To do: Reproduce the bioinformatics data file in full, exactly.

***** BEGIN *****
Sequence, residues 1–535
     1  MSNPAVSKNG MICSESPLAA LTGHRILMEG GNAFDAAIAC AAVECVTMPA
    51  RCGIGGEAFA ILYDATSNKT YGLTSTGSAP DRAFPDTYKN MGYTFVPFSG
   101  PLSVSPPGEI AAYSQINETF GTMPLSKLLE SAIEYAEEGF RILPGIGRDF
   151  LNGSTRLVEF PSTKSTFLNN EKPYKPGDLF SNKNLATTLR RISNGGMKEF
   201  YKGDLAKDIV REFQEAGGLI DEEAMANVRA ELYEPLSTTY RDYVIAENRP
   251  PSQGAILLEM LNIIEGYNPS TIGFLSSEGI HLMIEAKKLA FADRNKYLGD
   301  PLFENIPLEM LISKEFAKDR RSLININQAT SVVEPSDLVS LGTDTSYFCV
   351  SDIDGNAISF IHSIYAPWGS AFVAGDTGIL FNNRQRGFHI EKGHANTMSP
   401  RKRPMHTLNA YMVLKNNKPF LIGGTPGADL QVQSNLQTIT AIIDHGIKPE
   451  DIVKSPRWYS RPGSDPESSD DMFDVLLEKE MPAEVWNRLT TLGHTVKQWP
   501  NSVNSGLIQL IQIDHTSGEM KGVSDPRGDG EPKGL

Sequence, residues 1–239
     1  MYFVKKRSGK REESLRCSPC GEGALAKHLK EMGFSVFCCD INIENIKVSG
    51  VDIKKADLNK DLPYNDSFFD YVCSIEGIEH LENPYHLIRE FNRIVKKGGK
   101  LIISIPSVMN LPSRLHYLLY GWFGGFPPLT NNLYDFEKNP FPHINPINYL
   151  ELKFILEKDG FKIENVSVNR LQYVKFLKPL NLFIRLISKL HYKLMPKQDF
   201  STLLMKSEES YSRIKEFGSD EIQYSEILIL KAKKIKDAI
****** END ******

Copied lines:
Sequence, residues 1–535
     1  MSNPAVSKNG MICSESPLAA LTGHRILMEG GNAFDAAIAC AAVECVTMPA
    51  RCGIGGEAFA ILYDATSNKT YGLTSTGSAP DRAFPDTYKN MGYTFVPFSG
   101  PLSVSPPGEI AAYSQINETF GTMPLSKLLE SAIEYAEEGF RILPGIGRDF
   151  LNGSTRLVEF PSTKSTFLNN EKPYKPGDLF SNKNLATTLR RISNGGMKEF
   201  YKGDLAKDIV REFQEAGGLI DEEAMANVRA ELYEPLSTTY RDYVIAENRP
   251  PSQGAILLEM LNIIEGYNPS TIGFLSSEGI HLMIEAKKLA FADRNKYLGD
   301  PLFENIPLEM LISKEFAKDR RSLININQAT SVVEPSDLVS LGTDTSYFCV
   351  SDIDGNAISF IHSIYAPWGS AFVAGDTGIL FNNRQRGFHI EKGHANTMSP
   401  RKRPMHTLNA YMVLKNNKPF LIGGTPGADL QVQSNLQTIT AIIDHGIKPE
   451  DIVKSPRWYS RPGSDPESSD DMFDVLLEKE MPAEVWNRLT TLGHTVKQWP
   501  NSVNSGLIQL IQIDHTSGEM KGVSDPRGDG EPKGL

Sequence, residues 1–239
     1  MYFVKKRSGK REESLRCSPC GEGALAKHLK EMGFSVFCCD INIENIKVSG
    51  VDIKKADLNK DLPYNDSFFD YVCSIEGIEH LENPYHLIRE FNRIVKKGGK
   101  LIISIPSVMN LPSRLHYLLY GWFGGFPPLT NNLYDFEKNP FPHINPINYL
   151  ELKFILEKDG FKIENVSVNR LQYVKFLKPL NLFIRLISKL HYKLMPKQDF
   201  STLLMKSEES YSRIKEFGSD EIQYSEILIL KAKKIKDAI